After writing this blog post about paint being used like drawing after visiting the Tate’s Giacometti exhibition: Expressive Figures and Giacometti Exhibition (Drawing or Painting) My tutor wanted me to “Revisit your research on Degas, Giacometti and Diebenkorn to more closely look at and analyse the use of line, colour and mark-making and the visual dynamics of composition / ‘picture-making’. Make notes and post to your log”.
Fig 1 Degas After the Bath 1901
Fig 3 Seated Nude 1966 Richard DiebenKorn
The images above are all using a limited palate of colour, there is limited tone with the exception of Diebenkorns picture that uses a lighter grey that could be argued for tonal qualities or contrast. they focusing on a sombre, darker, muted colour range.
All of the images have a clear centre within the image with use of diagonal lines within the visual dynamics of the composition. The position in the Degas and the Diebenkorn image portray an S-shaped composition (similarly to a s shaped landscape composition) that pulls the viewer into the image. Giacometti’s composition is more shaped based, with 3 columns or divisions of thirds of the entire image. I have refered back my research that I have done here relating to still life composition and Giorgio Morandi where I now see a link with Giacometti and Morandi: https://artistacreativeart.wordpress.com/2017/03/16/compositional-annalysis-of-giorgio-morandi-and-pierre-bonnards-interiors-and-still-life/ Instantly I have thought of the rule of thirds that relates to the Giacometti composition to centre the figure in the painting: https://www.finearttips.com/2009/04/rule-of-thirds-composition/ Although all three images could have the rule of thirds applied within the design. With the Diebenkorn image there is a more iconic use of composition forming with the use of line crossing and indication a foreground, middle and background. Its harder to interpret with the image of the Giacometti but Diebenkorn has a strong use of pattern and some pattern within parts of the Degas. The Degas has the strongest representation of texture however in all the images the texture is representational not realistic or intricately drawn but the lines still have a quality that isn’t dismissive of texture completely (the paint has texture with Giacometti). There is texture is in the lines. The lines are longer and bold in Diebenkorn with Giacometti shorter and painterly but Degas are much shorter with them connecting in places to form a bolder longer line. Mixture of soft and hard lines all together. Another interesting article for future reference material: https://www.thoughtco.com/elements-of-composition-in-art-2577514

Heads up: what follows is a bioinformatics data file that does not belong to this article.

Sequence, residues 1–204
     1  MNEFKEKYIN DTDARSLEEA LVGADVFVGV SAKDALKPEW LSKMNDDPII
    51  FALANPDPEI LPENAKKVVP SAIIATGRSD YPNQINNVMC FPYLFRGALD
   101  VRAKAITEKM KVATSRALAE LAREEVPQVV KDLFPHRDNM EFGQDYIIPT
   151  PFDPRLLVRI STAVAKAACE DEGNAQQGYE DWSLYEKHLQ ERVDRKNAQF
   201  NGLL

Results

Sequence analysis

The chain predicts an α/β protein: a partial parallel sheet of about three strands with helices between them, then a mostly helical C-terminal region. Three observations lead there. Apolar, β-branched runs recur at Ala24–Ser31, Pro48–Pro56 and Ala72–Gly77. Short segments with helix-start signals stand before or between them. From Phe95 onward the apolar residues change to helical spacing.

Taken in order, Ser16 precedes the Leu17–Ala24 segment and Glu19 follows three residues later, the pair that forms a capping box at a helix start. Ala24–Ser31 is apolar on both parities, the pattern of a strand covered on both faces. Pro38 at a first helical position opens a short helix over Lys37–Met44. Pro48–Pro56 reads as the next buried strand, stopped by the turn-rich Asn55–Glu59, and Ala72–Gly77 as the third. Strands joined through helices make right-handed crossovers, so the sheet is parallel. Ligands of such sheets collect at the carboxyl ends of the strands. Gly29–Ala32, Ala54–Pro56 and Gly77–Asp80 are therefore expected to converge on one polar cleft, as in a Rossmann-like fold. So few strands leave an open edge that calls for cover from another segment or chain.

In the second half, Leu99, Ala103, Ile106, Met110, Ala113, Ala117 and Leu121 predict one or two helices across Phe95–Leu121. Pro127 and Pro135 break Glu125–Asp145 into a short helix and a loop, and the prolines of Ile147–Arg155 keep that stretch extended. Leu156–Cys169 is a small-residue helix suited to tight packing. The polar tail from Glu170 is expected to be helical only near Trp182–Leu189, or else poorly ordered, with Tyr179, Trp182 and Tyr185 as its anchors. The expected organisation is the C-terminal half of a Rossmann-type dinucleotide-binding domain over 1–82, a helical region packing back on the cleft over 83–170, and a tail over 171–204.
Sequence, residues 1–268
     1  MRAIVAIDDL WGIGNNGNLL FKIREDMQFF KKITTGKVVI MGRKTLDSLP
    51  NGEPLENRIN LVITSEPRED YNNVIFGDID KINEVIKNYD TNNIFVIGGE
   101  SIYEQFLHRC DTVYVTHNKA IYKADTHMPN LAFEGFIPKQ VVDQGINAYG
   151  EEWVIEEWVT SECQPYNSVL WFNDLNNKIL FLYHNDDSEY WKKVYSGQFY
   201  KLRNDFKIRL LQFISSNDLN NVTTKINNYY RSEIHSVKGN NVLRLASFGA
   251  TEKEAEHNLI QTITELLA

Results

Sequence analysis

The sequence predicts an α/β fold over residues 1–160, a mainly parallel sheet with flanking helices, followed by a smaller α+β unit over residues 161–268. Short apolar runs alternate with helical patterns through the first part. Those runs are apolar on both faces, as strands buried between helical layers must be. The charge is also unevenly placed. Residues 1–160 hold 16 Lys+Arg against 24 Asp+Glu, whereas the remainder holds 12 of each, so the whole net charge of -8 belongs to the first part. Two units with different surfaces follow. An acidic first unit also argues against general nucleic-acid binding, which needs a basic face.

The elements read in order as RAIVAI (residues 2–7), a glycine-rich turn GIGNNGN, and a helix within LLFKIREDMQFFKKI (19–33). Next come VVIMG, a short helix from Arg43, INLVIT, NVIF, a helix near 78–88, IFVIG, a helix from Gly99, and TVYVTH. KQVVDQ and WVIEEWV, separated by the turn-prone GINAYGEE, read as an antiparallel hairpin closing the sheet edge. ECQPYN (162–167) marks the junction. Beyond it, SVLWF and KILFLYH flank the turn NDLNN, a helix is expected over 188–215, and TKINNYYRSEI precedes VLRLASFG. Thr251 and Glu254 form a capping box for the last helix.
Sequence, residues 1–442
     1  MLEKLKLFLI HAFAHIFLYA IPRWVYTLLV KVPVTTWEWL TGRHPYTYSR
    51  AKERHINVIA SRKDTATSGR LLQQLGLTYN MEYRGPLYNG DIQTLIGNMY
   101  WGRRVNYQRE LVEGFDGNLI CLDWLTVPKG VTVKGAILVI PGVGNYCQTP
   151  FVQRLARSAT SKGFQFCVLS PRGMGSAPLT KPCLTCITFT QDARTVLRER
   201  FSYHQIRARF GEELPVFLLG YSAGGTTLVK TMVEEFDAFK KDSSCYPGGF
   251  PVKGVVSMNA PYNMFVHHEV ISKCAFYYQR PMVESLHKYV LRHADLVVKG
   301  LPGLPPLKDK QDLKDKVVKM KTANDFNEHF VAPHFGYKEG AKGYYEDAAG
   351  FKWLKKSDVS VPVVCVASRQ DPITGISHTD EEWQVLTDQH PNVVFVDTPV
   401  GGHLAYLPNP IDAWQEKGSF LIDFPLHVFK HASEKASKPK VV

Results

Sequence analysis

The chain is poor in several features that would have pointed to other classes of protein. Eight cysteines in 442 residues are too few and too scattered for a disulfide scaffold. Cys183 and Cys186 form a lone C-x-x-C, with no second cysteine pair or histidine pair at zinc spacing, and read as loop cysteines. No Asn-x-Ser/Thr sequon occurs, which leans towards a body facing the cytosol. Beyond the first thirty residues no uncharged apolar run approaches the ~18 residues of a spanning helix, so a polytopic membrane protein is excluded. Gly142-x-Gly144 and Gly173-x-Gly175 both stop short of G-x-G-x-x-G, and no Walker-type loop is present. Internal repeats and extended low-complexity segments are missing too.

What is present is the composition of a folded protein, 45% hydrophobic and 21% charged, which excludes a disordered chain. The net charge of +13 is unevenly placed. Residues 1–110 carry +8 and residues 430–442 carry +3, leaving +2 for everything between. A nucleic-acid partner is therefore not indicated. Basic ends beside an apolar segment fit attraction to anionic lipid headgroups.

Looking reflectively at the visual dynamics although I have used it within my work I would like to do more research into it. This article touches on it slightly https://sgtarr.com/blog/65272/what-is-dynamic-composition although is non academic, will find further academic research into the visual dynamics of composition to enhance my work. I will spend more time reflecting on this before undertaking the figure (and other) compositions in Practice of Painting. It is also evudently used within the magic of Lucien Freuds paintings that I have just viewed of Leigh Bowery.
Fig 1 After the bath 1900 Edgar Degas https://www.artfund.org/news/2017/02/07/five-must-sees-ashmolean-degas-picasso-exhibition (accessed 13/07/17).
Fig 2 Caroline 1965 Alberto Giacometti http://www.tate.org.uk/art/artworks/giacometti-caroline-t00782 (accessed 13/07/17).
Fig 3 Rich Johnson Thursday Morning Life Drawing Class (undated). https://www.google.co.uk/thursday+morning+life+by+rich+johnson&imgrc(accessed 13/07/17).
Fig 4 Seated Nude 1966 Richard DiebenKorn http://www.napkindad.com/blog/2012/02/18/artists-i-love-richard-diebenkorn-winter-weekend-series (accessed 13/07/17).